The first year of a child’s life can bring with it quite the learning curve for parents to navigate as they make sure their child is reaching all the right milestones. It often means a lot of questions and a lot of doctor’s appointments. We understand that just as your child is growing and learning each day, so are you. Take a look below and see where your child should be currently, and don’t be alarmed if they aren’t there yet. Each child is unique and may require a bit more or less time. If you are concerned about your child’s development know that your provider is ready and willing to help.
0-3 MONTHS: Baby’s motor skills will improve as they learn to control and lift their head. You’ll see your baby respond to your voice and other loud noises—they may even turn their head in the direction of sounds. Your child’s eyes will also begin to focus as they look at you during feedings, see bright colors, and track objects.
3-6 MONTHS: Motor skills will again progress to the baby lifting their heads while lying on their tummies. They may rock on their tummies and roll over as well. Hand-eye coordination will improve as the baby begins to grasp objects, most likely putting them in their mouths. Clearer vision will allow them to concentrate or fixate on toys or objects in front of them, as well as track objects like a ball as it rolls across the floor. The baby also begins to babble and use their voices to express their excitement.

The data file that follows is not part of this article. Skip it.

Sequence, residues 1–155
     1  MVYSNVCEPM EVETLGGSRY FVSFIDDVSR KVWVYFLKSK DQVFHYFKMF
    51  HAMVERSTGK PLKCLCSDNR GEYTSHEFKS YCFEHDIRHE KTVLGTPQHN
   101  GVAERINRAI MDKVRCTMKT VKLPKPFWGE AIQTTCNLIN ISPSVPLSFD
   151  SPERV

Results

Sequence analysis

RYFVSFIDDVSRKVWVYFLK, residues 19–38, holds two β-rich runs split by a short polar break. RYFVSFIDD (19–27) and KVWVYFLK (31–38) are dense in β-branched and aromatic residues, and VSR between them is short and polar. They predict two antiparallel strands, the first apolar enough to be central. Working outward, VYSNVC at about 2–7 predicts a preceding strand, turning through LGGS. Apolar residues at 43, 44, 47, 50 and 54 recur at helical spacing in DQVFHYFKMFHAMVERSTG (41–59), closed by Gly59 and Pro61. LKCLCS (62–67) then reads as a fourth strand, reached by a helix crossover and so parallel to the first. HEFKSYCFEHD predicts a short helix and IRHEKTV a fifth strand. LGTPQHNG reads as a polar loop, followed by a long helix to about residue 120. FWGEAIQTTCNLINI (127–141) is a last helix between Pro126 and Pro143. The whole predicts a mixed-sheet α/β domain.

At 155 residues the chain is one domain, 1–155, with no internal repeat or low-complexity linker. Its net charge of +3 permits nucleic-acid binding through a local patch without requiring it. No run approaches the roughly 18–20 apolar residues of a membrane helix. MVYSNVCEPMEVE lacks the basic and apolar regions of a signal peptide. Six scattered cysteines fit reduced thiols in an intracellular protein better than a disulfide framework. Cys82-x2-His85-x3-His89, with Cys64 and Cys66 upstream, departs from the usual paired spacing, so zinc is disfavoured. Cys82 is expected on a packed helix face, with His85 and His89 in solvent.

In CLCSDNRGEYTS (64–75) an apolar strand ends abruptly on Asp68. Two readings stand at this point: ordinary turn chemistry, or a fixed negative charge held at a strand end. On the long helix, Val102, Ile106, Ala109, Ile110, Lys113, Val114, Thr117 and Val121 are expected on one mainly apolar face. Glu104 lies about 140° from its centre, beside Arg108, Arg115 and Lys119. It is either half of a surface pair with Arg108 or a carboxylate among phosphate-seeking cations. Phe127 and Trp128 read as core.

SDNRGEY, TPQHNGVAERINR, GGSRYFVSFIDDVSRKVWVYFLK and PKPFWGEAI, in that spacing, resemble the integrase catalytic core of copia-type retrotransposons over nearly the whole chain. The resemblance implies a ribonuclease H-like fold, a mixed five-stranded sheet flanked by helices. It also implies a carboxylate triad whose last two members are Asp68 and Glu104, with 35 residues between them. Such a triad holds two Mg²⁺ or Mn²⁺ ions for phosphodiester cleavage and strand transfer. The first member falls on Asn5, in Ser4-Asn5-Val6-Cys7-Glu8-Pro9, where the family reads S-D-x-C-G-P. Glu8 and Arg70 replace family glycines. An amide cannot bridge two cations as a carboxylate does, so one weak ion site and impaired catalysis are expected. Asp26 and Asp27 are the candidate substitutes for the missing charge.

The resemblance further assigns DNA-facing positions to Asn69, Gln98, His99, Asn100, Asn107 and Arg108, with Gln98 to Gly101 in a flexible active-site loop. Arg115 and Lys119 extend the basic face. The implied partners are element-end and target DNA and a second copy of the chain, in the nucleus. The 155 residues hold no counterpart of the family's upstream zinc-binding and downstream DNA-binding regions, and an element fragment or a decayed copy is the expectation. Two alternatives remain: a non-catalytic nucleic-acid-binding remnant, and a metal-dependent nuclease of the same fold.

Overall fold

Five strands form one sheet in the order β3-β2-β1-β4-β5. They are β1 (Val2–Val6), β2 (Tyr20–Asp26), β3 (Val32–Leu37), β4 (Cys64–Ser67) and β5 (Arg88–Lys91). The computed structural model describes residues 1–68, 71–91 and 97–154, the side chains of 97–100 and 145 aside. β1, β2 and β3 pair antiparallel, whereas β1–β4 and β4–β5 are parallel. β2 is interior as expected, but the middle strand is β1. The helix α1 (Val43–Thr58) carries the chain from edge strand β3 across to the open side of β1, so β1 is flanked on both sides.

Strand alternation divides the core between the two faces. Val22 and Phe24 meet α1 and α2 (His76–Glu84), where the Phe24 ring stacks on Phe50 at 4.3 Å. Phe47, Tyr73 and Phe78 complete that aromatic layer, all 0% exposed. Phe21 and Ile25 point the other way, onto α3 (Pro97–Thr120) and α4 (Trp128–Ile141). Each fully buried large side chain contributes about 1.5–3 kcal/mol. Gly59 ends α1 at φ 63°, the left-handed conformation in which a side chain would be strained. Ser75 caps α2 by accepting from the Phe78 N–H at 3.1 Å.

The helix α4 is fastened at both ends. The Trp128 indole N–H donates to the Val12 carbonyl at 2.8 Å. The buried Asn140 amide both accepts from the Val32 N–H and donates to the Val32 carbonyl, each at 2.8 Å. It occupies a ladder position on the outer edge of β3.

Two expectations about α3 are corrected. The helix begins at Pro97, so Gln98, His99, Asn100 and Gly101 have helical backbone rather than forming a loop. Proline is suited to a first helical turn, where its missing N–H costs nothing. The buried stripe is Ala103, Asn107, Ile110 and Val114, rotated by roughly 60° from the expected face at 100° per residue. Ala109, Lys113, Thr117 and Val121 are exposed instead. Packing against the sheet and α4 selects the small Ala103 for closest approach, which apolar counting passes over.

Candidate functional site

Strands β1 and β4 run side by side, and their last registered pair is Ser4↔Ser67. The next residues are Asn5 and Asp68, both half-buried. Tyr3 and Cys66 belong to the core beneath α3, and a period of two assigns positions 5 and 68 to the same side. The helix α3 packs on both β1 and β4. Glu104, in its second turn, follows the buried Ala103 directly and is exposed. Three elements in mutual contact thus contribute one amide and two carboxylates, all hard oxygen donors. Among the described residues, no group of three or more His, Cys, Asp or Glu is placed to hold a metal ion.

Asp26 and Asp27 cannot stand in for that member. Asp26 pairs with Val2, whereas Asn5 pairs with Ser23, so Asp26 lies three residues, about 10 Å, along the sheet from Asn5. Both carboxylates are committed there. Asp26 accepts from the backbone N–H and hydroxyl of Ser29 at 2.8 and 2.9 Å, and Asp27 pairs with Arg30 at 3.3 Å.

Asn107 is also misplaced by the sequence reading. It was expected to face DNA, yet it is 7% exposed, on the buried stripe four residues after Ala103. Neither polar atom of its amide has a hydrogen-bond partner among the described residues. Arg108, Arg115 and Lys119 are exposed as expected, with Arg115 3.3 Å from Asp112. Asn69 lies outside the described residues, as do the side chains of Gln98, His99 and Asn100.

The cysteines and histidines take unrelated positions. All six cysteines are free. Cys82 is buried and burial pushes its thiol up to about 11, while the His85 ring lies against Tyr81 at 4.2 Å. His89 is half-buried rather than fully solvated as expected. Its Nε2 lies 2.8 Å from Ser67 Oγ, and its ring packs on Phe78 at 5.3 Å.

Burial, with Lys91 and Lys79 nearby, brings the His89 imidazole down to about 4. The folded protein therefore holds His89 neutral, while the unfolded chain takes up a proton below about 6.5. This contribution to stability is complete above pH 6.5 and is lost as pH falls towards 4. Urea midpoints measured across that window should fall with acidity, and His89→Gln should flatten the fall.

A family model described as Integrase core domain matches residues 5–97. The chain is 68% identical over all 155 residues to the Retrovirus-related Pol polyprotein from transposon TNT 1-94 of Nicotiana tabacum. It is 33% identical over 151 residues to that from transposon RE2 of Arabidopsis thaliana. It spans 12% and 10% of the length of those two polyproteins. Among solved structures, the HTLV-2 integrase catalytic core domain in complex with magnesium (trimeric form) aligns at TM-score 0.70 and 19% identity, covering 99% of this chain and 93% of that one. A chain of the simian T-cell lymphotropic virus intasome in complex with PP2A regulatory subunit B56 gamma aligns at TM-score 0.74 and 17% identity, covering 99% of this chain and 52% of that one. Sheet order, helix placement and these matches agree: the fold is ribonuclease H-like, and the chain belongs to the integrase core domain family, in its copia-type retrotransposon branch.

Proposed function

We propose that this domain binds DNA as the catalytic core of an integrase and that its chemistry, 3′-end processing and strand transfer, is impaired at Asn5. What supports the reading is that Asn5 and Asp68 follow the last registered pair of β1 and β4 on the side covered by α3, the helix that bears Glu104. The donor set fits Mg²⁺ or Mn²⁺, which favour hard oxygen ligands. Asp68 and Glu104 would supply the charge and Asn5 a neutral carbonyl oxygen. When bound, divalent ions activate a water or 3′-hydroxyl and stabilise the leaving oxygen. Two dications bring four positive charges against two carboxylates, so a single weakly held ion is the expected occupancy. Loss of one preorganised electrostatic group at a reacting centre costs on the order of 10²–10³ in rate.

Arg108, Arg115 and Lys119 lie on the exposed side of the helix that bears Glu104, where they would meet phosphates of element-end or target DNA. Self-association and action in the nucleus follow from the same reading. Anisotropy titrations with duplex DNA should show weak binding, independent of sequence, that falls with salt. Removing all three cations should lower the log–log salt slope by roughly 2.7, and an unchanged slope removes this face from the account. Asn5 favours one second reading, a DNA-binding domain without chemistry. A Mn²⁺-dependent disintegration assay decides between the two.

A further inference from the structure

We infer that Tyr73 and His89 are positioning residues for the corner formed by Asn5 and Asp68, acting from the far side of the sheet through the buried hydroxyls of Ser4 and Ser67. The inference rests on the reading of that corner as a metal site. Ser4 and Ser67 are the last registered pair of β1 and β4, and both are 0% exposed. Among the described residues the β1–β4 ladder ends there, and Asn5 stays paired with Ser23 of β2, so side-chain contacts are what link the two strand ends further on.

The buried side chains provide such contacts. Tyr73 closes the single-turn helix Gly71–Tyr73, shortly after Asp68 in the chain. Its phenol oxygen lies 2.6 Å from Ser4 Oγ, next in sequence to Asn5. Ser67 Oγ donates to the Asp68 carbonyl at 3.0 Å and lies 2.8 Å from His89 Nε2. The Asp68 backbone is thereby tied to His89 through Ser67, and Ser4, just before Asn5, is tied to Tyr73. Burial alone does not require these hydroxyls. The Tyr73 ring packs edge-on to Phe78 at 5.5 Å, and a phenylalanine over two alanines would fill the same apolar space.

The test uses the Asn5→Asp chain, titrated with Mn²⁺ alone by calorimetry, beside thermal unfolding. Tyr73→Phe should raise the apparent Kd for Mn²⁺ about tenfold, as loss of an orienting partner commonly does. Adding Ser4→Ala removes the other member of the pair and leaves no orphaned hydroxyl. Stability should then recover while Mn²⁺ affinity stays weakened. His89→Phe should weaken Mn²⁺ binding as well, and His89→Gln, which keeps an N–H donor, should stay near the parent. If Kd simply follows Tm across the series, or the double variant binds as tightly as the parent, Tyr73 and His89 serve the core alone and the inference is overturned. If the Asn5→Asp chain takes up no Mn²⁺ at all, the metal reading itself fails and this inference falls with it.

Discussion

6-9 MONTHS: The baby is now more mobile as he/she rolls in both directions, and can sit up with some support, scoot, and may perhaps begin to crawl. They are also now moving objects from one hand to the other, which will help them later as they begin to feed themselves. Communication has improved and they will squeal and babble, maybe even saying ‘mama’ and ‘dada’. The baby may have stranger anxiety and may begin teething.
9-12 MONTHS: Babies can sit without help and pull themselves to a standing position, possibly taking their first steps. They can feed him/herself and grasp objects between their thumb and forefinger. They also make gestures like shaking head ‘no’ and waving ‘bye bye’, and may begin imitating you.
Your child may not be following these milestones exactly and that’s perfectly OK. But if there is something concerning you and they seem far behind for their age, then it’s time for a visit. And most importantly, continue to love and take the time to connect with your child each day. The quicker you catch any abnormalities, the quicker you can help your child resolve any issues. No one knows your child better than you, you’ve got this.
Contact USFHP today: USFHP Members have access to our Member Portal, which provides them with information about their plan benefits, customer service, and general recommendations on how to get the most out of your plan. Our member portal allows you to find a doctor that suits you and your family’s needs, view and print out your USFHP Member ID Card, submit documents securely, and learn more about your health.